Have you heard the expression “follow your course bell” and not had a clue what this bit of bell ringing wisdom meant or what to do with it? Like a lot of things in ringing, the concept of coursing order is quite simple to understand but it is routinely very poorly explained, if it is explained at all.
In Plain Hunt and Plain Bob, the coursing order is the order in which you follow the bells, although it is in fact a much deeper property of the way methods are constructed, and so the concept of coursing order can be applied to other methods too.
The easiest way to see the coursing order is by looking at the order that specific bells (e.g. the treble, the 2nd and the 6th) pass the other bells in Plain Hunt. You will notice a circular pattern:
The 5th always courses the 6th, the 3rd courses the 5th and the treble courses the 3rd etc. This is the coursing order and on six bells it is 5 3 1 2 4 6. Extending to higher numbers the coursing order is always the odd bells descending followed by the even bells ascending, so on ten bells the plain course coursing order is 9 7 5 3 1 2 4 6 8 0.
In Plain Hunt and Plain Bob, the coursing order is the order in which many things happen:
Coursing order is a convenient way of describing how the bells follow each other around in a method, which remains constant between calls. It is easiest to see in plain hunt where it is the order in which the bells come to the front and to the back, (i.e. 531246 in Minor). The order is cyclic, so it repeats and could be written down starting at any point.
In a method the coursing order is defined with the treble omitted (so the above becomes 53246). In Plain Bob this order is constant through all leads of the plain course. Because the coursing order is cyclic – it is conventional to consider the tenor to be at the end (or beginning) and to omit it when written down (so 53246 is written 5324).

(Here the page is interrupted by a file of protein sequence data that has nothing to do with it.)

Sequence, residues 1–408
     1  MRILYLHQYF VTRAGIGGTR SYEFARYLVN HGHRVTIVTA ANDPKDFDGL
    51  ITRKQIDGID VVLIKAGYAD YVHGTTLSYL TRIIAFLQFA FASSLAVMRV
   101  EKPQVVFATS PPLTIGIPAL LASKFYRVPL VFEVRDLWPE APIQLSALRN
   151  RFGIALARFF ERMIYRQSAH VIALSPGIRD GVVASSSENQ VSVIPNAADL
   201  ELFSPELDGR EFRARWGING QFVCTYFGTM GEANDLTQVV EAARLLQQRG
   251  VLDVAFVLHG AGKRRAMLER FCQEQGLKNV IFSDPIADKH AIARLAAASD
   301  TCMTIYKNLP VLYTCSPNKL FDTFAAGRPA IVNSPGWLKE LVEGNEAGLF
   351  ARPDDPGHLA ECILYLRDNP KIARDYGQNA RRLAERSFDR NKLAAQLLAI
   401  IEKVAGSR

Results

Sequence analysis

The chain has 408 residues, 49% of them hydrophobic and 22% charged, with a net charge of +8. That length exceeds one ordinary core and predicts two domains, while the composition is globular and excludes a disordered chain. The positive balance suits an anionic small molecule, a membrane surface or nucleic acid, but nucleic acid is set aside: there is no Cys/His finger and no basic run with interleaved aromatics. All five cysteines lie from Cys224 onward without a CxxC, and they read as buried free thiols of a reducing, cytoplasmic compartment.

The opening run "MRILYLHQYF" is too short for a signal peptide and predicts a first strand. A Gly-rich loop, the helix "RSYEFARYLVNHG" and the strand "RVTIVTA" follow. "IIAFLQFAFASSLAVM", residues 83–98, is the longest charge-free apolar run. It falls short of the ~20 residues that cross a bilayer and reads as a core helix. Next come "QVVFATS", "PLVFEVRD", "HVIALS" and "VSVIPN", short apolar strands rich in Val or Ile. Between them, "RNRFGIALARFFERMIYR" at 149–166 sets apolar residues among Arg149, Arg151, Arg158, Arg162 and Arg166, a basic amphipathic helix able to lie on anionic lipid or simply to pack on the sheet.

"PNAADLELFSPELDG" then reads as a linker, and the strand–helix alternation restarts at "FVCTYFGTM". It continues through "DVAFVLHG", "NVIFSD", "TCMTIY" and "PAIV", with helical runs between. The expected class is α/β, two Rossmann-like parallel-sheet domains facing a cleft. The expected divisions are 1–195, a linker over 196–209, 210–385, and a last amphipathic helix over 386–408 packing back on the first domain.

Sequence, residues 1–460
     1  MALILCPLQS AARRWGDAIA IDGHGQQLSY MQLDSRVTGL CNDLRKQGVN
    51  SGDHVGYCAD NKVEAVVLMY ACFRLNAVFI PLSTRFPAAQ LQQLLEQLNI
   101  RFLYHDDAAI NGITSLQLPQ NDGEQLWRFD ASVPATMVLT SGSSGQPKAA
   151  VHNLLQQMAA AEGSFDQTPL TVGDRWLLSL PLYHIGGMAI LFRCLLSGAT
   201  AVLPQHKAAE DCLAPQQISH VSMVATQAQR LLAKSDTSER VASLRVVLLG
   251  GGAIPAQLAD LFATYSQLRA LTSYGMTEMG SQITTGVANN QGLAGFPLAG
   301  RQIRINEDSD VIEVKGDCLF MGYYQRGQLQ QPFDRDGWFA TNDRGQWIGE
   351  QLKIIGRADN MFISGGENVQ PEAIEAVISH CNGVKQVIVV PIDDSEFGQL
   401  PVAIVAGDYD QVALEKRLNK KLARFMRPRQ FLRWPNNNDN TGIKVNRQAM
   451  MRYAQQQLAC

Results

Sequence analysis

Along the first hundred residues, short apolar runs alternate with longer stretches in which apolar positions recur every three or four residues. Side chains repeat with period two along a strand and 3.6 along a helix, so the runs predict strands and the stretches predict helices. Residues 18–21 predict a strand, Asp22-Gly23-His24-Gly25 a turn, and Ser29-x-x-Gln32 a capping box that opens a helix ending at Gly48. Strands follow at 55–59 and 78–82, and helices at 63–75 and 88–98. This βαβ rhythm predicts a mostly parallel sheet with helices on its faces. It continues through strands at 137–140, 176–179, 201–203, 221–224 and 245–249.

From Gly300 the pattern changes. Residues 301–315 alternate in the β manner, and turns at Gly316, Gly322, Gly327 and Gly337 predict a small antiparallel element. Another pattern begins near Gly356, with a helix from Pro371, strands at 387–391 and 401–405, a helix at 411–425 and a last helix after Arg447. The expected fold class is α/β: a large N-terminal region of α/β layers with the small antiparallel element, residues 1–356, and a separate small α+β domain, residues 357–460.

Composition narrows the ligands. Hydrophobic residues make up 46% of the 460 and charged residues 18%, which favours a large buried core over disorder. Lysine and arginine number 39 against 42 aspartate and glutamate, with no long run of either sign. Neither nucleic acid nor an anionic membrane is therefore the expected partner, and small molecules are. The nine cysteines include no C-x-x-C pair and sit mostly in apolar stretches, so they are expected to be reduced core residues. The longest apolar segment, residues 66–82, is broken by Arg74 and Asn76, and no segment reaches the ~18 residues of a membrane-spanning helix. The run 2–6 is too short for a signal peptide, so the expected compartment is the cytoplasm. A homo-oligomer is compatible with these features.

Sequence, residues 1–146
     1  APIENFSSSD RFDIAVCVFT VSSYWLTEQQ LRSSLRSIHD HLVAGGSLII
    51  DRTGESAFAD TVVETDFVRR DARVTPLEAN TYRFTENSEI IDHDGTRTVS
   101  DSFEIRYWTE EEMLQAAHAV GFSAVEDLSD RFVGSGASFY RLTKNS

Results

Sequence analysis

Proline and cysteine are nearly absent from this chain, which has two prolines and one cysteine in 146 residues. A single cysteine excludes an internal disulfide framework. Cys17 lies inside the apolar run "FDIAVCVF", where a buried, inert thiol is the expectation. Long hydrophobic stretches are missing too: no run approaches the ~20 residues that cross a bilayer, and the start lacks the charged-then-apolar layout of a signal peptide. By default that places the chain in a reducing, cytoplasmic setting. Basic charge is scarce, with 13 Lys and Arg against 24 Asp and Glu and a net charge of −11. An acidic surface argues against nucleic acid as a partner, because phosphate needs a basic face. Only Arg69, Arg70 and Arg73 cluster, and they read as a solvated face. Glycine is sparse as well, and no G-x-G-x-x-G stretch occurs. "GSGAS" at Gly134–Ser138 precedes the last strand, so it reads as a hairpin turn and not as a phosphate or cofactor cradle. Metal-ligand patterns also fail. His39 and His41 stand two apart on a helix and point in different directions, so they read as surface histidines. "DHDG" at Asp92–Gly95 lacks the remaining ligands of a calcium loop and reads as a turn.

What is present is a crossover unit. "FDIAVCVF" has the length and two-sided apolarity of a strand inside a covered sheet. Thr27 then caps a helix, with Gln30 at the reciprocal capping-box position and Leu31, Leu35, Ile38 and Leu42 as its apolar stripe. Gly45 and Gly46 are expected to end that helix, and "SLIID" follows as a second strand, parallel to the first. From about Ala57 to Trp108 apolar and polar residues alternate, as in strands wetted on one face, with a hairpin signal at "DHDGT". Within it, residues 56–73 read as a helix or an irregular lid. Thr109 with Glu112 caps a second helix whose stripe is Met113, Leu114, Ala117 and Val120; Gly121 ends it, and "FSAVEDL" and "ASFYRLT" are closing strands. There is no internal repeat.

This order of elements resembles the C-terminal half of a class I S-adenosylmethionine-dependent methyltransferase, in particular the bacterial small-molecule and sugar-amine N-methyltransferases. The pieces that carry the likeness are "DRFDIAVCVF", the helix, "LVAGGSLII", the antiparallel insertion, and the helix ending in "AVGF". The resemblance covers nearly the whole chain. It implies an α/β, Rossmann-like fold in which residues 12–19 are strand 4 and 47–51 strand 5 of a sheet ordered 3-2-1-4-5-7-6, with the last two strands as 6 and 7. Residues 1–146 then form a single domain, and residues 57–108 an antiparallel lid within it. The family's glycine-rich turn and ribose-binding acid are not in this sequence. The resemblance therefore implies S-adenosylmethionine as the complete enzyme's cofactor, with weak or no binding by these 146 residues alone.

you ever wondered how conductors keep people right or know if two bells
have swapped over? Well ... transposition is the answer. It is a
method of calculating and writing out touches of methods in a
shorthand-way and tells you the order that the place bells occur at each
lead head of a method. It might sound complicated but it is easy to do
and very useful.
Every time a call (bob or single) is made, the coursing order of the bells changes. Transposition allows you to work out the new coursing order and hence keep people right if they go wrong or tell if two bells have swapped over.
Ask an experienced conductor in your tower or local area to sit down and show you how transposition works; it shouldn’t take more than five minutes so you can do it between touches at a practice. Alternatively there are some good online resources that you can use to teach yourself at home.
Get out your coloured pens and paper and write out Plain Hunt on 12 or 20 bells and work out the coursing order. You should be able to see how the coursing order extends to all numbers of bells.
Your course bell is the bell you follow down to the lead – so you might hear someone say “take your course bell off the lead.” Your after bell is the bell that follows you down to lead – hence the instruction “your after bell takes you off the back”.
The coursing order on 6 bells is 653124 i.e. the 5th courses the 6th, the 3rd courses the 5th and the treble courses the the 3rd.
If you're ringing the 5, your course bell is the 6 and your after bell is the 3.
If you're ringing the 3, your course bell is the 5 and your after bell is the treble.